It was complicated for sure, but from start to finish from when we informally put our boat on the market with that post on the Freedom owners' site to when we took delivery of our new boat and had the old one sold, was only about 6 weeks. It was a whirlwind.
 

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In the end, between the selling price, the lack of a broker's fee, the sales tax savings by doing the deal as a trade in, and a portion of the deposit from the original Seattle guy that we were able to keep due to him walking away, we came out very close to what we would have gotten had we simply sold the boat in the traditional way through a broker at a market price.
It was complicated for sure, but from start to finish from when we informally put our boat on the market with that post on the Freedom owners' site to when we took delivery of our new boat and had the old one sold, was only about 6 weeks. It was a whirlwind.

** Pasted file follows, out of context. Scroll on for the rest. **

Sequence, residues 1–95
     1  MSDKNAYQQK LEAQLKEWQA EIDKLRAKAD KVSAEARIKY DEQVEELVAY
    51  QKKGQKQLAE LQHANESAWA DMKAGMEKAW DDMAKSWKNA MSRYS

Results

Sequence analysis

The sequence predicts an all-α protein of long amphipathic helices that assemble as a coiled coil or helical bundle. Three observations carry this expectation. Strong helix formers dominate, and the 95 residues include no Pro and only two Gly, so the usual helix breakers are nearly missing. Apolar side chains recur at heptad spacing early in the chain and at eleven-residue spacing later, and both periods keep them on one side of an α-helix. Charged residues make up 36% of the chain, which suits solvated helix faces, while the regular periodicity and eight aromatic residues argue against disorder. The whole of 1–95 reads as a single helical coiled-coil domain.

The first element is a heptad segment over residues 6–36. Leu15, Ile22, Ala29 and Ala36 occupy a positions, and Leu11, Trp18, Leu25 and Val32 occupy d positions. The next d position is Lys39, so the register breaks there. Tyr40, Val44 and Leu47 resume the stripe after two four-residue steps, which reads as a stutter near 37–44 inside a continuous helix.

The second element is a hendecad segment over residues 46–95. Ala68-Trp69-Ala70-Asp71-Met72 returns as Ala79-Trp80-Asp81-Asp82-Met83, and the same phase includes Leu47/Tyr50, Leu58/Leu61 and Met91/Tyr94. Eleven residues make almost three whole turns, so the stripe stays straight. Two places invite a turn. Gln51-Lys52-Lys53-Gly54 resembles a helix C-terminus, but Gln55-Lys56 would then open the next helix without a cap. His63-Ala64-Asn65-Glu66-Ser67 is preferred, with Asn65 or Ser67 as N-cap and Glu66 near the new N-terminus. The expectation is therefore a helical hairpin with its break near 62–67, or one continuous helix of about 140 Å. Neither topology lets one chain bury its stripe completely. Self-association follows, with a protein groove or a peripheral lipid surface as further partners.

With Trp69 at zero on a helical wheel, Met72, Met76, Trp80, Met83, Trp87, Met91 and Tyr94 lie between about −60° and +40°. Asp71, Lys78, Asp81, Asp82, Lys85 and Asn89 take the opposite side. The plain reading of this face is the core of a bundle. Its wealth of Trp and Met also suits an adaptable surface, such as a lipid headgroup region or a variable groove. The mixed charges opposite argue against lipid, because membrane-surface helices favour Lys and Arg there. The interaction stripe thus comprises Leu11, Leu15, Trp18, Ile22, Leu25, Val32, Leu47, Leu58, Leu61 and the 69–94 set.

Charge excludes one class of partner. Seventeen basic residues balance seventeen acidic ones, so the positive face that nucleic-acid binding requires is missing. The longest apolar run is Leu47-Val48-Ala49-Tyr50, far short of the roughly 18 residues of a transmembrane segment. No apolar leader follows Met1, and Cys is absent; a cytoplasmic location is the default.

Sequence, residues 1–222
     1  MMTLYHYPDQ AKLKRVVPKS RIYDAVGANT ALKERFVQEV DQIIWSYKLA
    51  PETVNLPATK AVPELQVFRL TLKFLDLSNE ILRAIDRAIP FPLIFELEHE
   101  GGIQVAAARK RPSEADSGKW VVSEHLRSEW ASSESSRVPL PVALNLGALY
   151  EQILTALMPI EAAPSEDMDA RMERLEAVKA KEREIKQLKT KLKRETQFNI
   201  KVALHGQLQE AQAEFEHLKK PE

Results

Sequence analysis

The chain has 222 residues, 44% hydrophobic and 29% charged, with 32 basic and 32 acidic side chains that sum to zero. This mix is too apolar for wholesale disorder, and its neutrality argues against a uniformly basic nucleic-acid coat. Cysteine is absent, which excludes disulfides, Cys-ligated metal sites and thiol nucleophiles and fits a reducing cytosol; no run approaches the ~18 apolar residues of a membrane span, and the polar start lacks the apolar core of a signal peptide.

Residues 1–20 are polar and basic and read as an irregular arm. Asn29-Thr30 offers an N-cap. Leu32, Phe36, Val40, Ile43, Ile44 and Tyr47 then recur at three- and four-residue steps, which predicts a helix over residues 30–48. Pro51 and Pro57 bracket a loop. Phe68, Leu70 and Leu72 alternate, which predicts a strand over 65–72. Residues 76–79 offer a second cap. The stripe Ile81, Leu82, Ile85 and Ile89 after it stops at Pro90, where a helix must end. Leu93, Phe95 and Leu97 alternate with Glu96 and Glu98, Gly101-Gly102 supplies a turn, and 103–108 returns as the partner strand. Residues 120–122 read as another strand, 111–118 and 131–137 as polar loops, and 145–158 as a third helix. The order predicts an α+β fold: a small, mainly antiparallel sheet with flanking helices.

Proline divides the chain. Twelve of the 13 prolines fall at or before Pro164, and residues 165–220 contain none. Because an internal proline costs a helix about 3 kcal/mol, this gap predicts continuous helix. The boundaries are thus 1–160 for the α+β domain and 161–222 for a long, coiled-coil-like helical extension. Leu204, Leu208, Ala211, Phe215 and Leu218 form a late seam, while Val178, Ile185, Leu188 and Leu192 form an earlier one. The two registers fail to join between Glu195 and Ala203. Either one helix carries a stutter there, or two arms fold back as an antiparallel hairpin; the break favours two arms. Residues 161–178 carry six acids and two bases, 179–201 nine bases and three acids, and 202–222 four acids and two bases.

That was a great post. Thanks for taking the time. It confirms my theory that just about anything goes.
Would you mind some more details about the size of the deposit, how much you kept and why you didn't keep the whole thing.
 

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David

I was one of those Canadians who bought a boat this time last year from Northeast US (Connecticut) without having seen it. There was no need.
Thanks for that in-site. I heard of so many people doing just what you did that I knew the economics must have been compelling. Just didn't know the details.